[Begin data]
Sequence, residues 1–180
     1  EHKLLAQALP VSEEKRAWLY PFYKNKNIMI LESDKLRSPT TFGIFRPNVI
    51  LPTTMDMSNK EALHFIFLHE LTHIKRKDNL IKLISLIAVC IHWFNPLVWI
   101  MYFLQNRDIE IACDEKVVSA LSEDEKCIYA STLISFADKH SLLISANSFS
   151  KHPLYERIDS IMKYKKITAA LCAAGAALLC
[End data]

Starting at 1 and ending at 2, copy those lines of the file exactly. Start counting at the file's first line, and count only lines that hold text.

Sequence, residues 1–180
     1  EHKLLAQALP VSEEKRAWLY PFYKNKNIMI LESDKLRSPT TFGIFRPNVI